• Young, Jacques; Xu, Cheng; Papadakis, Georgios E.; Acierno, James S.; Maione, Luigi; Hietamäki, Johanna; Raivio, Taneli; Pitteloud, Nelly (2019)
    The initiation and maintenance of reproductive capacity in humans is dependent on pulsatile secretion of the hypothalamic hormone GnRH. Congenital hypogonadotropic hypogonadism (CHH) is a rare disorder that results from the failure of the normal episodic GnRH secretion, leading to delayed puberty and infertility. CHH can be associated with an absent sense of smell, also termed Kallmann syndrome, or with other anomalies. CHH is characterized by rich genetic heterogeneity, with mutations in >30 genes identified to date acting either alone or in combination. CHH can be challenging to diagnose, particularly in early adolescence where the clinical picture mirrors that of constitutional delay of growth and puberty. Timely diagnosis and treatment will induce puberty, leading to improved sexual, bone, metabolic, and psychological health. In most cases, patients require lifelong treatment, yet a notable portion of male patients (approximate to 10% to 20%) exhibit a spontaneous recovery of their reproductive function. Finally, fertility can be induced with pulsatile GnRH treatment or gonadotropin regimens in most patients. In summary, this review is a comprehensive synthesis of the current literature available regarding the diagnosis, patient management, and genetic foundations of CHH relative to normal reproductive development.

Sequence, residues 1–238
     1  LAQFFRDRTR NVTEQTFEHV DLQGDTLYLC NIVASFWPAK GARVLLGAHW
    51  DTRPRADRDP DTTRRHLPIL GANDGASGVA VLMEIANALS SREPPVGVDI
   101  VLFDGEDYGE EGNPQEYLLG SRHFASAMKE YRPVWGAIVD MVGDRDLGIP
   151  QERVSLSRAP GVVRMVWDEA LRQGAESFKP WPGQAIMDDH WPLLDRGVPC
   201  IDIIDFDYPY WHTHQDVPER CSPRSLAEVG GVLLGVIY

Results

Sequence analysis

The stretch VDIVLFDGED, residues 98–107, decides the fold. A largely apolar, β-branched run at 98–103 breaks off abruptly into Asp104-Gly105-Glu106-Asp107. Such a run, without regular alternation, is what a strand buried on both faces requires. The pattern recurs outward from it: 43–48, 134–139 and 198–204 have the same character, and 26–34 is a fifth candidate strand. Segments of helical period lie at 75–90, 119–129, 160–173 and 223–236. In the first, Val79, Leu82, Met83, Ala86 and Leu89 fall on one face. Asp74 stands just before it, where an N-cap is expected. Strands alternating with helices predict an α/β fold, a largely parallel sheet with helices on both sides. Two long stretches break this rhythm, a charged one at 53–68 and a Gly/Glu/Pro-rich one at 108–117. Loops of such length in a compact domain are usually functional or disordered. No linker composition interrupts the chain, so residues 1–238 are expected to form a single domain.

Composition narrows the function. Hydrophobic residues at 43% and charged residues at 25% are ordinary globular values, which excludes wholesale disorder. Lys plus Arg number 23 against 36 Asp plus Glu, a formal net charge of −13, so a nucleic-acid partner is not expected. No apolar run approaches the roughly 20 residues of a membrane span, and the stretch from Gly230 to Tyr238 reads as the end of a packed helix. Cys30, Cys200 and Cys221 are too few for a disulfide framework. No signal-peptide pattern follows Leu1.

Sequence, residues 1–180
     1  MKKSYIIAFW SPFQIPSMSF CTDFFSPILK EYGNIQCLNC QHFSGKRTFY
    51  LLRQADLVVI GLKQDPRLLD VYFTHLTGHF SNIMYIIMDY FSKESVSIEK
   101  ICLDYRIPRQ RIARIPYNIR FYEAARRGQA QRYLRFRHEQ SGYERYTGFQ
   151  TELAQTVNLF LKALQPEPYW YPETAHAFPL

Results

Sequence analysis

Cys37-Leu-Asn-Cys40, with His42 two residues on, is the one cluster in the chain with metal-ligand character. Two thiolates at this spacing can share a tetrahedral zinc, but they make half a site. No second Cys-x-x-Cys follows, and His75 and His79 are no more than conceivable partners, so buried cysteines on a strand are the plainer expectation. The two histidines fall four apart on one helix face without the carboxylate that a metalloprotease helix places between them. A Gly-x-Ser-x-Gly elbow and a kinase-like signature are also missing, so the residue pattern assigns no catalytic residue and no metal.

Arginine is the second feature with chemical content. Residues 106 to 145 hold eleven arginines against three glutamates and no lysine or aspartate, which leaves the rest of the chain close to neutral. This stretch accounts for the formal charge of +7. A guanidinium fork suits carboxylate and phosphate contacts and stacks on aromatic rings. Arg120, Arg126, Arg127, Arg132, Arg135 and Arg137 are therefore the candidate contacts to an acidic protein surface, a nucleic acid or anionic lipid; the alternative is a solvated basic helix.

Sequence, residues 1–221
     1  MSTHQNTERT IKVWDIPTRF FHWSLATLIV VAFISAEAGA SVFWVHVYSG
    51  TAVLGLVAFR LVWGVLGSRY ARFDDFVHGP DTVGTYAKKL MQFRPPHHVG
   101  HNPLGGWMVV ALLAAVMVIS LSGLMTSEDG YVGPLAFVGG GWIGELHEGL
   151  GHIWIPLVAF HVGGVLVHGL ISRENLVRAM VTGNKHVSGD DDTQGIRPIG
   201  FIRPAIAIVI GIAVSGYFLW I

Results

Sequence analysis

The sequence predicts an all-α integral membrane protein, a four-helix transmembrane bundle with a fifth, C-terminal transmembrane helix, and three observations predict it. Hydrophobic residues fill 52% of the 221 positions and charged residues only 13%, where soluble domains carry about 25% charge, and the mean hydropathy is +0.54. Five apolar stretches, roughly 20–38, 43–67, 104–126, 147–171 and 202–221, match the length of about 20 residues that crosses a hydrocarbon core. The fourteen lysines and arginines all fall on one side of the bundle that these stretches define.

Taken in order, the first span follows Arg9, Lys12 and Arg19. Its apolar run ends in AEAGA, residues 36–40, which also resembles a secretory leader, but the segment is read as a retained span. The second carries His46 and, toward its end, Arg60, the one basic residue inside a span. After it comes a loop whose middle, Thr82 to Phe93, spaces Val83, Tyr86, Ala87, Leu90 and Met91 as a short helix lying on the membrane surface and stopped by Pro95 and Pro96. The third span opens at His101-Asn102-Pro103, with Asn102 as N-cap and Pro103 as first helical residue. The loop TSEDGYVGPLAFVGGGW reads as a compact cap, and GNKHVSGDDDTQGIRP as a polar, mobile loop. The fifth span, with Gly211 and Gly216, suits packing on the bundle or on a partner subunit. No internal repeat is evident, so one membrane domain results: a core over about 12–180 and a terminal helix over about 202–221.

• Mazina, Olga; Allikalt, Anni; Tapanainen, Juha S.; Salumets, Andres; Rinken, Ago (2017)